What is trace?

  • (verb): Make one's course or travel along a path; travel or pass over, around, or along.
    Example: "The children traced along the edge of the drak forest"; "The women traced the pasture"
    See also — Additional definitions below

Some articles on trace, traces:

List Of United States Christmas Television Episodes - Drama - Crime Drama/Mystery - Without A Trace
... Without a Trace Malone v ... Malone (2004) Without a Trace Claus and Effect (2007) ...
Claude Grunitzky - Ventures
... Trace Magazine Born out of the short-lived TRUE magazine, TRACE was started by Grunitzky in London in 1996 ... Beginning life as predominantly an urban culture magazine, TRACE’s identity was quickly influenced by Grunitzky’s nascent interest in what he termed ‘transculturalism’ – a phenomenon ... Trace Television In 2003, Grunitzky also launched TRACE TV, the world’s first international urban music channel, with Richard Wayner and Olivier Laouchez, in ...
Trace - Other
... A synonym for trail, as in Natchez Trace Trace (tack), part of a draft animal's gear Track and trace, in goods distribution and logistics Trace, a type of eyeblink conditioning An Italian ...
Skolithos
... Skolithos (formerly spelt Scolithus or Skolithus) is a common trace fossil ichnogenus whose original form consisted of approximately vertical cylinders ... One well-known occurrence of Cambrian trace fossils is the famous 'Pipe Rock' of northwest Scotland ... Such traces are known worldwide from sands and sandstones deposited in shallow water environments, from the Cambrian Period (541 to 485.4 million years ago ...
Commutation Theorem For Semifinite Traces
... By definition, a semifinite trace (or sometimes just trace) on M is a functional τ from M+ into such that for a, b in M+ and λ, μ ≥ 0 (semilinearity) for a in ... in addition τ is non-zero on every non-zero projection, then τ is called a faithful trace ... If τ is a faithul trace on M, let H = L2(M, τ) be the Hilbert space completion of the inner product space with respect to the inner product The von Neumann ...

More definitions of "trace":

  • (verb): Discover traces of.
    Example: "She traced the circumstances of her birth"
  • (noun): Either of two lines that connect a horse's harness to a wagon or other vehicle or to a whiffletree.
  • (verb): To go back over again.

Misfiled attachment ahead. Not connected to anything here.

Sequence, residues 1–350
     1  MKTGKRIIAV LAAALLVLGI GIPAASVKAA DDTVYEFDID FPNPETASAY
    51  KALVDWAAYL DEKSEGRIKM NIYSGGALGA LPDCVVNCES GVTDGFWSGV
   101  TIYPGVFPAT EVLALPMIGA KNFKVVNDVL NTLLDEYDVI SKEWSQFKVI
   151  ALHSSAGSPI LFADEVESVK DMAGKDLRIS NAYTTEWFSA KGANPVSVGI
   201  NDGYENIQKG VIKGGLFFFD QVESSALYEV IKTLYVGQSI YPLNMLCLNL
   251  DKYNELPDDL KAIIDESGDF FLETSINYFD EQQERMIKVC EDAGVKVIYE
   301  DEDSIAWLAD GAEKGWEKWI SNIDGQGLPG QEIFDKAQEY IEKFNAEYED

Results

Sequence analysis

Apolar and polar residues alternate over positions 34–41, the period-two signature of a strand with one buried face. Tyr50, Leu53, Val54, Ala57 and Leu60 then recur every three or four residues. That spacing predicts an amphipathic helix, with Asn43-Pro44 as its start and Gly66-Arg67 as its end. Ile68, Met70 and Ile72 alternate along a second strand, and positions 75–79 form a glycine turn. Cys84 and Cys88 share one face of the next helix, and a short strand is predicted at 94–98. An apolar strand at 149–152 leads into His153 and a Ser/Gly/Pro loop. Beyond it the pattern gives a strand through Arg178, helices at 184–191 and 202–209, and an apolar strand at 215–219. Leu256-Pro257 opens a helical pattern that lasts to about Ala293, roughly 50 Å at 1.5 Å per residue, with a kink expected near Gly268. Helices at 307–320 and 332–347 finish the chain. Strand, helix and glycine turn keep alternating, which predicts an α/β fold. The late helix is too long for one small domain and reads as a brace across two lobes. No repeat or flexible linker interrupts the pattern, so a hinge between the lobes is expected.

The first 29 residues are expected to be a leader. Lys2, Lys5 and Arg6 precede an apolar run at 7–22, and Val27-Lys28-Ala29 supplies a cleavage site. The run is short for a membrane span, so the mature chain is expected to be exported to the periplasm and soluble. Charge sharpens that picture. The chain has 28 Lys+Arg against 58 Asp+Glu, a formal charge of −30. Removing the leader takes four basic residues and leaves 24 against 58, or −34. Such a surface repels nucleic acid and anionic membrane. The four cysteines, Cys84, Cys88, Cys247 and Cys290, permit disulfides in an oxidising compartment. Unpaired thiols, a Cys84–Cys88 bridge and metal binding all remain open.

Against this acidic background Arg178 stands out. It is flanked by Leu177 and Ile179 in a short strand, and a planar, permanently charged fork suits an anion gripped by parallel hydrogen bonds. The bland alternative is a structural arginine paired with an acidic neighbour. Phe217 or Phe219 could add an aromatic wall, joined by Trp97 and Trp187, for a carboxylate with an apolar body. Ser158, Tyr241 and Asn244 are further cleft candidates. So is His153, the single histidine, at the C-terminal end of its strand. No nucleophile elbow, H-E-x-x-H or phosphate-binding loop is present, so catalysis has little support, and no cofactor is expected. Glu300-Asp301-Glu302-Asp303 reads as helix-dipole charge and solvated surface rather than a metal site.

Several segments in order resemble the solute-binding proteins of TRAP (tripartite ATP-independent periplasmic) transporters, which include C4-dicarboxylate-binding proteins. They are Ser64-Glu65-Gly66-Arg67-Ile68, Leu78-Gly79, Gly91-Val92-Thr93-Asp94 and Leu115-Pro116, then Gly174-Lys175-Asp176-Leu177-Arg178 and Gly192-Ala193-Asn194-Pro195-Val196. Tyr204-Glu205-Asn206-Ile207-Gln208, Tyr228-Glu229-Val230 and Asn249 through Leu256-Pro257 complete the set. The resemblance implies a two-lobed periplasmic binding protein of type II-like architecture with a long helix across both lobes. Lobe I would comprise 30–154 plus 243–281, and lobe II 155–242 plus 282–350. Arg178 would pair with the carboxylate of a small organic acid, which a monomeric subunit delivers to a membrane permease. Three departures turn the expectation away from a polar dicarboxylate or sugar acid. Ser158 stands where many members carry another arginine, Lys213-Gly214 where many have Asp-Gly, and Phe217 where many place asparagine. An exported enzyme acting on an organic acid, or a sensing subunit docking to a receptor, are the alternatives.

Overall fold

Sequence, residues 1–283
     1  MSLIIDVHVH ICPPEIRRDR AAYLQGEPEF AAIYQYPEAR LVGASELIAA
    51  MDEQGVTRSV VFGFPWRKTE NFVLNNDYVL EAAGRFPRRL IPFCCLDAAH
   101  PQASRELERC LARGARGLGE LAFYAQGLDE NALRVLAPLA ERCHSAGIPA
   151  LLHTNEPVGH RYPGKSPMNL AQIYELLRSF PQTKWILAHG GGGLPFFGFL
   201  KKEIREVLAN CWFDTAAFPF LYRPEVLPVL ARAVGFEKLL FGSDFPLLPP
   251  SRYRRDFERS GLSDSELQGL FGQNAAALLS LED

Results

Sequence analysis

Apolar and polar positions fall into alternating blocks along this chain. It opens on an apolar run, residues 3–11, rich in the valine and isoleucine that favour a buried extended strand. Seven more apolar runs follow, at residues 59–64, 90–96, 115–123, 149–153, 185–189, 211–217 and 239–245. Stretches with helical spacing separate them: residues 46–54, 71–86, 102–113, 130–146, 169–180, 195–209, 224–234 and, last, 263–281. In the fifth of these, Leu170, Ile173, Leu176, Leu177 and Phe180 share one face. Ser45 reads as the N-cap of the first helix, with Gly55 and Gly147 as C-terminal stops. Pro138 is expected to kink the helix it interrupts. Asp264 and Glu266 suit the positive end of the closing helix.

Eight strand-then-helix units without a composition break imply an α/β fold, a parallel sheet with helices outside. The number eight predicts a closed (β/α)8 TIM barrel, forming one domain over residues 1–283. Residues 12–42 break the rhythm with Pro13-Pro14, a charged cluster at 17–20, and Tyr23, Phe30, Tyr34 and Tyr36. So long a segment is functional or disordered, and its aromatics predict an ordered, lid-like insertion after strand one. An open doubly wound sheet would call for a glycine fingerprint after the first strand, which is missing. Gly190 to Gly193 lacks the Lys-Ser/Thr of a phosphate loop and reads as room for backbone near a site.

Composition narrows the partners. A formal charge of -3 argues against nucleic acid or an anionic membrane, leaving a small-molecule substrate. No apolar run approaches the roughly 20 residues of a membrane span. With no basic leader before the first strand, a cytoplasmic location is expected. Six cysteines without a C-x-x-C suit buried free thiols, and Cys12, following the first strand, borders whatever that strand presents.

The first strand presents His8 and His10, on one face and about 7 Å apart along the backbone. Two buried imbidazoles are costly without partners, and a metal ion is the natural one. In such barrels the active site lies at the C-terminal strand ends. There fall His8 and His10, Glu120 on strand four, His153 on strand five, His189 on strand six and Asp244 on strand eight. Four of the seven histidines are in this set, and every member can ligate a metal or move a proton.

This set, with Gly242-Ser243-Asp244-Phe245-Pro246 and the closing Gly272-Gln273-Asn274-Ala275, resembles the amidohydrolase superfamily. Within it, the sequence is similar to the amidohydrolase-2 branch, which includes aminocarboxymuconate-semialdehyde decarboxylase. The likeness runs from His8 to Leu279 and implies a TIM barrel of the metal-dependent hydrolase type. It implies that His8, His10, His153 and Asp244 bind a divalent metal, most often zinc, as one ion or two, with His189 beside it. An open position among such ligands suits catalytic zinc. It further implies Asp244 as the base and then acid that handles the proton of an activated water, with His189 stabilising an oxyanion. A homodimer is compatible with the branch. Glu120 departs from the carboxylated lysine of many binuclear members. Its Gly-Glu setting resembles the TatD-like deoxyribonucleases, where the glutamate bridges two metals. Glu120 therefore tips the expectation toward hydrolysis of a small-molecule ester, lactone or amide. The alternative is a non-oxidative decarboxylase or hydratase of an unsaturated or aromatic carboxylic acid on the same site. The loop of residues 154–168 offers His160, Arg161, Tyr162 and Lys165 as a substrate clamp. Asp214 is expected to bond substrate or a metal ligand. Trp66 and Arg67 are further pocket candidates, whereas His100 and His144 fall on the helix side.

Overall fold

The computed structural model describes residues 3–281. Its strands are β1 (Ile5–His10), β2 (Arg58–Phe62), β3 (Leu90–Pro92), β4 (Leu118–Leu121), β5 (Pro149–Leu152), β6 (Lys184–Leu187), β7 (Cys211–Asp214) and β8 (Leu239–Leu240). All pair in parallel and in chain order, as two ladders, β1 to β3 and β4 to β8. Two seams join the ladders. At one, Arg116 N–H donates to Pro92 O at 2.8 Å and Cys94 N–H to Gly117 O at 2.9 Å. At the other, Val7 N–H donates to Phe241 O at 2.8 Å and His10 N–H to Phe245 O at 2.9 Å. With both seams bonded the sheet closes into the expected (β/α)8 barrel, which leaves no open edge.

Example: "Trace your path"
    Synonyms: retrace
  • (verb): Read with difficulty.
    Synonyms: decipher
  • (verb): Follow, discover, or ascertain the course of development of something.
    Example: "Trace the student's progress"
    Synonyms: follow
  • (noun): A suggestion of some quality.
    Synonyms: touch, ghost
  • (noun): An indication that something has been present.
    Example: "There wasn't a trace of evidence for the claim"
    Synonyms: vestige, tincture, shadow
  • (noun): Drawing created by tracing.
    Synonyms: tracing
  • (verb): Pursue or chase relentlessly.
    Synonyms: hound, hunt
  • (noun): A just detectable amount.
    Example: "He speaks French with a trace of an accent"
    Synonyms: hint, suggestion
  • (verb): Make a mark or lines on a surface.
    Example: "Trace the outline of a figure in the sand"
    Synonyms: draw, line, describe, delineate
  • (noun): A visible mark (as a footprint) left by the passage of person or animal or vehicle.
  • (verb): Copy by following the lines of the original drawing on a transparent sheet placed upon it; make a tracing of.
    Example: "Trace a design"; "trace a pattern"

Famous quotes containing the word trace:

    “In your company a man could die,” I said, “a man could die and you wouldn’t even notice, there’s no trace of friendship, a man could die in your company.”
    Max Frisch (1911–1991)

    Emancipation should make it possible for woman to be human in the truest sense. Everything within her that craves assertion and activity should reach its fullest expression; all artificial barriers should be broken, and the road towards greater freedom cleared of every trace of centuries of submission and slavery.
    Emma Goldman (1869–1940)

    Yet ere I can say where—the chariot hath
    Passed over them—nor other trace I find
    But as of foam after the ocean’s wrath
    Percy Bysshe Shelley (1792–1822)